Statistics: 7.25 miles, ascent 847′, descent 823′.
The next morning, the staff at Bodkin House sent us off with a flourish of handwaving and good-byes. Having left the Cotswold Way yesterday to get to the B&B in Petty France, we now had to return to our route, tramping through the long, wet grass again. However, this morning the sun was out and the fields were drying quickly. Once we left these fields behind, the trail entered a wood high above the village of Horton and we had a good glimpse of the Horton area as we descended through the trees.
Today was another day of hillfort exploration. The first fort, the Horton Hill Fort, required that we climb steeply up to a plateau sprinkled with wildflowers.
We walked the ramparts of this hillfort before descending on the opposite side through a gate leading to a structure known as a “folly” – a building that appears to be quite old, but, in fact, has been built rather recently (people in the US might use the term “faux”). This folly appeared to be an ancient tower, but was recently built as a nesting spot for barn owls and swallows.
As we approached the village of Horton, we took a quick side trip down a path to the ancient manor house known as Horton Court, one of a string of medieval manors and estates along the Cotswold ridge, often with deer parks and sharing a central economy based on wool. We had hoped to tour this house but, unfortunately, the manor was only occasionally open and not on this day. The oldest part of the central Court building was built in 1140, but the main part of the house was constructed in 1521 for the chief secretary to Henry VIII, William Knight. As an aside, since our walk in the Spring of 2019, Horton Court has been converted to a lovely B&B.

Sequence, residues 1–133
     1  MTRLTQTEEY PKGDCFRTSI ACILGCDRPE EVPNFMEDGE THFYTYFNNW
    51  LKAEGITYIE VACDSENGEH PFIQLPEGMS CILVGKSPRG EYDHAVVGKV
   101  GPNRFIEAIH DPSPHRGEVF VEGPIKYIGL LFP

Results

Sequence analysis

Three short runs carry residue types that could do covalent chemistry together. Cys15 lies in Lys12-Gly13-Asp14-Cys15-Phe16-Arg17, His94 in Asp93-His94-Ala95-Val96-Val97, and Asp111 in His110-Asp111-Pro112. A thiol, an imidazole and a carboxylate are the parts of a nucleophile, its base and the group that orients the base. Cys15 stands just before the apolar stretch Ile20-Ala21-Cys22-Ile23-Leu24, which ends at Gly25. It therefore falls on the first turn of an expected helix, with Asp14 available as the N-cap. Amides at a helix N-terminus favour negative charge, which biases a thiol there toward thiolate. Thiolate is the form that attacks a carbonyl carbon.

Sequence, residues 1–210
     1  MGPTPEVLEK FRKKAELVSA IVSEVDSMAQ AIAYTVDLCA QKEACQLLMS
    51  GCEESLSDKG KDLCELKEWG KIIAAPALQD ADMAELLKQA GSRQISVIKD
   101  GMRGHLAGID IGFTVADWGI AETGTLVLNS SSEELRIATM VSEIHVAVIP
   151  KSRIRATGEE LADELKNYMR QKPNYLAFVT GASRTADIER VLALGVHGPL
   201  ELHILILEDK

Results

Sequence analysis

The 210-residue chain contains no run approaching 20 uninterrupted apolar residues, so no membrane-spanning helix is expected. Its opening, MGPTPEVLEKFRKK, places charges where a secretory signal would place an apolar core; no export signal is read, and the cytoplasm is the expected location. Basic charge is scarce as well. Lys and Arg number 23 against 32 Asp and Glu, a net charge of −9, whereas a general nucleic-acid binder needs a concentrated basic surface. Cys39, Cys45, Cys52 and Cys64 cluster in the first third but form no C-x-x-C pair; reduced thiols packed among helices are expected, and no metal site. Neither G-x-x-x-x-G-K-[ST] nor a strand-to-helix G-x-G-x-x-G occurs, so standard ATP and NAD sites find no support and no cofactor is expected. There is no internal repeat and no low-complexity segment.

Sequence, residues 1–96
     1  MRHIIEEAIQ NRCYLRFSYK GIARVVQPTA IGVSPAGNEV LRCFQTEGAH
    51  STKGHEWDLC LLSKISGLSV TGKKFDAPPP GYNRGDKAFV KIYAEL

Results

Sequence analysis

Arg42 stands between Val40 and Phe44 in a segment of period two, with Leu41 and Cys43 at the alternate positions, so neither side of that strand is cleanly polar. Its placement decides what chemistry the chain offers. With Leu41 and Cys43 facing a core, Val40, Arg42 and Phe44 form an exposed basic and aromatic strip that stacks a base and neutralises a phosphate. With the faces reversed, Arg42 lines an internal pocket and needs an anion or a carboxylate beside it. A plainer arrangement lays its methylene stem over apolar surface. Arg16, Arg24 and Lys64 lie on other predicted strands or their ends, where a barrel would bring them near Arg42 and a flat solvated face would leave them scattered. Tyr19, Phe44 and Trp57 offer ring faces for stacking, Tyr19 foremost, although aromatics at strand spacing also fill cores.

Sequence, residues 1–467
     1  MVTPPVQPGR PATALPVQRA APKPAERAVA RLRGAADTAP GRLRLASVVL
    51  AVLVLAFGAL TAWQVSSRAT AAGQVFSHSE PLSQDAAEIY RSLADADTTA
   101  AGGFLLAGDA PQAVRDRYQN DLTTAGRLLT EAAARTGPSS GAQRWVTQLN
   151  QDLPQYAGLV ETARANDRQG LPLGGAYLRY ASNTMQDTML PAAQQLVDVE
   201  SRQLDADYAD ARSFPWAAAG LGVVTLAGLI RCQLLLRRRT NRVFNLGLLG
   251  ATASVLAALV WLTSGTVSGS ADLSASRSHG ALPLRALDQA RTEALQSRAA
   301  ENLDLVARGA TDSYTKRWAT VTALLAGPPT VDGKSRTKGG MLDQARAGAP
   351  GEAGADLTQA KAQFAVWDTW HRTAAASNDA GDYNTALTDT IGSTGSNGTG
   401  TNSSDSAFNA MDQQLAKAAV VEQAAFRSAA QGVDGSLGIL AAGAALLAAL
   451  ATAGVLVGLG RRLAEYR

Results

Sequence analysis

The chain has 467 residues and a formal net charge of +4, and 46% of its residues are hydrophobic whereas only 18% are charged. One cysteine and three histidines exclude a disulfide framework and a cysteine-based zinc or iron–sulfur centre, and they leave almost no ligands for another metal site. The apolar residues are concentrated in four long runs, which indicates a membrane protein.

Adjacent to the property is the regal St. James Church (originally built in the 12th century). As we were walking around the church the carillon bells began to peal. The lovely bell chorus rang out for some time and was quite a delight.
We had hoped to stop in Horton for a cup of tea, but the tiny village did not have an eatery so we pressed on to the next hamlet of Little Sodbury. It was here that, from 1521 to 1523, William Tyndale preached in the Parish Church of St. Adeline. The church was later demolished and replaced in 1859 by the current St. Adeline Church, reusing many stones from the original church.
Little Sodbury is also known for its very impressive hill fort, Sodbury Hill Fort. Climbing up to the fort we were stunned at its size!
It takes in 11 acres and has a double ring of ramparts with ditches between them. Not only was it initially used during the Iron Age, but the Romans, the Saxons, and Edward IV took advantage of this site.
Arriving in Old Sodbury, our walk for the day was done. We stayed at another 14th century posting house, the very pleasant Cross Hands Hotel.